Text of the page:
The High Court granted an interlocutory injunction to Aviareto, the registrar of the International Registry of Mobile Assets in Aircraft Equipment, restraining the use by the defendant of the name or sign “Global Closing Room” in breach of the plaintiff’s EU trademark in the mark “Closing Room”. As part of its submissions, the plaintiff argued that if the defendant wished to launch a business using a trademark which was similar to the plaintiff’s trademark, it should have cleared the path, a patent law practice, by challenging the validity of the plaintiff’s mark in advance of doing so. As part of its findings, the High Court held there was no positive obligation on the defendant to have cleared the path to avoid the plaintiff being granted injunctive relief until the trademark dispute was resolved but the extent to which the potential damage relied on to resist the grant of an injunction could have been avoided through the application of commercial common sense is a factor to which the court can and should have regard in considering whether the balance of convenience favours injunctive relief. The case is expected to progress to full hearing this year
The Opinion of Advocate General Saugmandsgaard Øe (“AG”) has been published, which advises the ECJ to dismiss Poland’s action for the annulment of Article 17(4)(b) and 17(4)(c) of the DSM Directive on the basis that the application of the filtering obligations for online content-sharing service providers (“OCSSPs”) contained in these provisions will lead to censorship and will limit the freedom of expression and the freedom to receive and impart information guaranteed in Article 13 of the EU Charter of Fundamental Rights. The AG agreed with Poland that these provisions interfered with freedom of expression and freedom to receive information of the users of OCSSPs. However, the AG states that limitations on the exercise of the Article 11 right to freedom of expression are permissible provided that the three conditions set out in Article 52(1) are met: that the limitations are provided for by law; that they respect the essence of that freedom; and that they respect the principle of proportionality. It was the opinion of the AG that in most cases Articles 17(4)(b) and 17(4)(c) are a permissible limitation. In such case where appropriate and effective tools are available on the market and are not unreasonably expensive, OCSSPs are required to put them into place to comply with the contested provisions.
The Opinion was drafted and finalised before the European Commission issued guidance on how Article 17 should be implemented, which the ECJ will no doubt take into account when it delivers its ruling.
Case C-433/20 Austro-Mechana Gesellschaft zur Wahrnehmung mechanisch-musikalischer Urheberrechte Gesellschaft mbH v Strato AG
This reference from an Austrian court concerns the reproduction right in the Directive 2001/29/EC (the “Copyright Directive”) and the application of the exemption for reproductions made for private use and for ends that are non-commercial, provided the rights holders receive fair compensation. The defendant in this case provided a cloud storage application and the concern arose from the potential storage by individuals for private use of lawfully acquired copyright material in the cloud storage application – thereby, resulting in a copy of this work being made on the service.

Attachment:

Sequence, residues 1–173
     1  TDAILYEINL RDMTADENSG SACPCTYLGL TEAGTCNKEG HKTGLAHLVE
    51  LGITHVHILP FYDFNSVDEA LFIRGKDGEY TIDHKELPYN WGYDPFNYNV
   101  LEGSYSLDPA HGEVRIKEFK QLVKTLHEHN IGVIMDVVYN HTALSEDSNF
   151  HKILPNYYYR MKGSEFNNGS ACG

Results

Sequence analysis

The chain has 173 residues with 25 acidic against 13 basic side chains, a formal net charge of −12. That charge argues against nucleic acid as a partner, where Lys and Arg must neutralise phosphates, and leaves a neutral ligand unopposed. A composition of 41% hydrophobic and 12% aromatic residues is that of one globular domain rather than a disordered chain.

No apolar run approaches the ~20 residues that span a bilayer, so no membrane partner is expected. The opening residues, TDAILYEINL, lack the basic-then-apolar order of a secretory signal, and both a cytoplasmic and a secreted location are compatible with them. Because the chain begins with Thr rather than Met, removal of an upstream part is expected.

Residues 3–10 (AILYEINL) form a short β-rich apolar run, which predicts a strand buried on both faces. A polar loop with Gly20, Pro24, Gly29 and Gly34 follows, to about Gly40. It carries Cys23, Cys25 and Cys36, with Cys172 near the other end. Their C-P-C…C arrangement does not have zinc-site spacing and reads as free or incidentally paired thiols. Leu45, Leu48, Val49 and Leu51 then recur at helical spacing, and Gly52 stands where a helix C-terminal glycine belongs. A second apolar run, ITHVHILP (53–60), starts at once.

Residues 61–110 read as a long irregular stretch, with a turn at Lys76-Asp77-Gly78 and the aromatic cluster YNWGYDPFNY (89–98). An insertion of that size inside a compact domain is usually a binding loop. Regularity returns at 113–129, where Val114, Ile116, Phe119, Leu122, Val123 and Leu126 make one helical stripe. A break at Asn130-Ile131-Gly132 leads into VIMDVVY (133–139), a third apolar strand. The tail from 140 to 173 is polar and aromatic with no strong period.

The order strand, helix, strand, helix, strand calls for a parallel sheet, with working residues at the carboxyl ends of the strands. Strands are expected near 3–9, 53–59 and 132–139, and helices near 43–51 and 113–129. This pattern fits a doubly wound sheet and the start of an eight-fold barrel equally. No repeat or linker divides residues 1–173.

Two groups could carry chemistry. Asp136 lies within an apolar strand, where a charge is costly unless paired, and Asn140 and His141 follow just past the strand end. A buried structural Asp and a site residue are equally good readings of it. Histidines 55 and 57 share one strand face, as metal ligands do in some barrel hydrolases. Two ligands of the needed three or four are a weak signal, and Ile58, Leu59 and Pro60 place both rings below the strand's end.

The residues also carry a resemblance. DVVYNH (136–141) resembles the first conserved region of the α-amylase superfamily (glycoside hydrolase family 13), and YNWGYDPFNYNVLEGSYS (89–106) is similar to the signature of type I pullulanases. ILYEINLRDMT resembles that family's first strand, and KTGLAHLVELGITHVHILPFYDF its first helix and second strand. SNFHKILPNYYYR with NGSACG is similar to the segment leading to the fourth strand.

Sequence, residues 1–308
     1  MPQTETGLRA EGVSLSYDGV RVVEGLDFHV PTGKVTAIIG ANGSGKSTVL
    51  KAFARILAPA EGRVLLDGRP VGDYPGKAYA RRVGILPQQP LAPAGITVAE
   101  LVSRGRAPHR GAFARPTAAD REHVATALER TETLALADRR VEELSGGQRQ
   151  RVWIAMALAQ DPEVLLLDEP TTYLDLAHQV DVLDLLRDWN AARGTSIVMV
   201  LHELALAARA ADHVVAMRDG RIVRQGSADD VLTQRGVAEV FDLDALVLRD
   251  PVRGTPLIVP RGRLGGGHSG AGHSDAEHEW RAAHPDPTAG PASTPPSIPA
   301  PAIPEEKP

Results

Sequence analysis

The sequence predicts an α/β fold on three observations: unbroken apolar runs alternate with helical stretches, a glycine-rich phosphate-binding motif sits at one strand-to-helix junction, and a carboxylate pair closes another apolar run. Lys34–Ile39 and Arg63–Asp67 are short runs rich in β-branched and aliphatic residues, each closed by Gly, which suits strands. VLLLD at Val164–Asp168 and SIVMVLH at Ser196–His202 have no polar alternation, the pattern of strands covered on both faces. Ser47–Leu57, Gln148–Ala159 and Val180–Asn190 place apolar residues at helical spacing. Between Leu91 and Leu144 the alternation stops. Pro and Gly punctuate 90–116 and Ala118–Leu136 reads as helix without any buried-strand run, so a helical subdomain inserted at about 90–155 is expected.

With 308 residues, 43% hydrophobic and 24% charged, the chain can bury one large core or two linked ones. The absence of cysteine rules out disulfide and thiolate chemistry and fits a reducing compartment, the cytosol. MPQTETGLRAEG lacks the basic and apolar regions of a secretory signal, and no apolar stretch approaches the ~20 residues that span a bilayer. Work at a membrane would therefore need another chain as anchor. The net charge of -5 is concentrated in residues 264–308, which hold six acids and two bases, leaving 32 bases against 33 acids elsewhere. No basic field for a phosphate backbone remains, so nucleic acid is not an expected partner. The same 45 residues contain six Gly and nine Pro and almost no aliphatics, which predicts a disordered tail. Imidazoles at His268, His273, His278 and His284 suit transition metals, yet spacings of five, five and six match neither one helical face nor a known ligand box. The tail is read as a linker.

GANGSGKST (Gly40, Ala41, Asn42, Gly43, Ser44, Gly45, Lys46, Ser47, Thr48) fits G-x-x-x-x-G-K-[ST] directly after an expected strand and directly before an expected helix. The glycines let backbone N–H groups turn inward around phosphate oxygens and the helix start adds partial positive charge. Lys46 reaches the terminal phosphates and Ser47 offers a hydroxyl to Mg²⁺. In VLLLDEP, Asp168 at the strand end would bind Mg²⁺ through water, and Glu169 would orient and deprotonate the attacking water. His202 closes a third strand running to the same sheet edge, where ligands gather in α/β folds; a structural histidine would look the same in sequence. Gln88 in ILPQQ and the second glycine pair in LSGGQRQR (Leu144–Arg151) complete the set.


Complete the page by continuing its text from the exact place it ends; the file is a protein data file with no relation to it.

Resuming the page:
Advocate General Hogan’s Opinion concluded that the reproduction by cloud computing services provided by a third party should constitute “reproductions”. However, he also found that a separate levy should not be payable “by a natural person for their own personal purposes based on cloud computing services provided by a third party” provided that any levies paid in respect of the device or media reflects the harm caused to the rights holder by such reproduction.
Case C-184/21 Louboutin
This preliminary reference raises questions about the liability of a website operator for the use of a trade mark infringing sign in an advertisement displayed on that website, and whether the use of such an advertisement on an online store is attributable to the website operator if, in the eyes of the internet user, the operator has “played an active role in the preparation of the advertisement or if that advertisement is perceived as forming part of that operator’s own commercial communication”. The case also raises a question about whether a shipper of such goods can be held liable for infringement.
No opinion has been released by an Advocate General to date.
Case C-531/20 – NovaText GmbH v Ruprecht-Karls-Universität Heidelberg
This reference from a German court raised the question about whether Articles 3 and 14 of Directive 2004/48/EC (the “IP Enforcement Directive”) should be interpreted to preclude any national legislation, which imposes an obligation on the unsuccessful party in a claim to reimburse the costs of the other party incurred in utilising a patent attorney, regardless of whether the patent attorney was necessary for the resolution of the case.
Advocate General Campos Sánchez-Bordona’s November 2021 Opinion found that the IP Enforcement Directive does prevent such legislation, as such automatic reimbursement would bypass the necessary judicial assessment of reasonableness and proportionality and could breach the principle that national procedures must not be unnecessarily costly.
Case C-716/20 RTL Television
This case will examine whether “cable retransmission” under Article 1(3) of Council Directive 93/83/EEC (the “Satellite and Cable Directive”) covers the distribution to the public, on a simultaneous basis and entirely by cable, of a primary broadcast of television or radio programmes intended for the public (even if the distributor is not a broadcasting organisation) and whether the simultaneous distribution of the broadcasts of a television channel, through hotel television sets, constitutes a retransmission within the meaning of the Satellite and Cable Directive.
Case C-559/20 Koch Media
This case will examine Article 14 of the IP Enforcement Directive and whether the IP Enforcement Directive covers necessary lawyers’ fees as “legal costs” or as “other expenses” where the rights holder “asserts, out of court, a right to apply for a prohibitory injunction against an infringer of those rights by way of a warning notice”. Another question raised concerns the entitlement of a rights holder to the full reimbursement of said costs, or at least a reasonable and substantial proportion, even if the infringer is a natural person acting outside their trade or profession. This case is expected to progress this year.
For an overview of some developments in IP law from the past year, please see our Look Back article, here.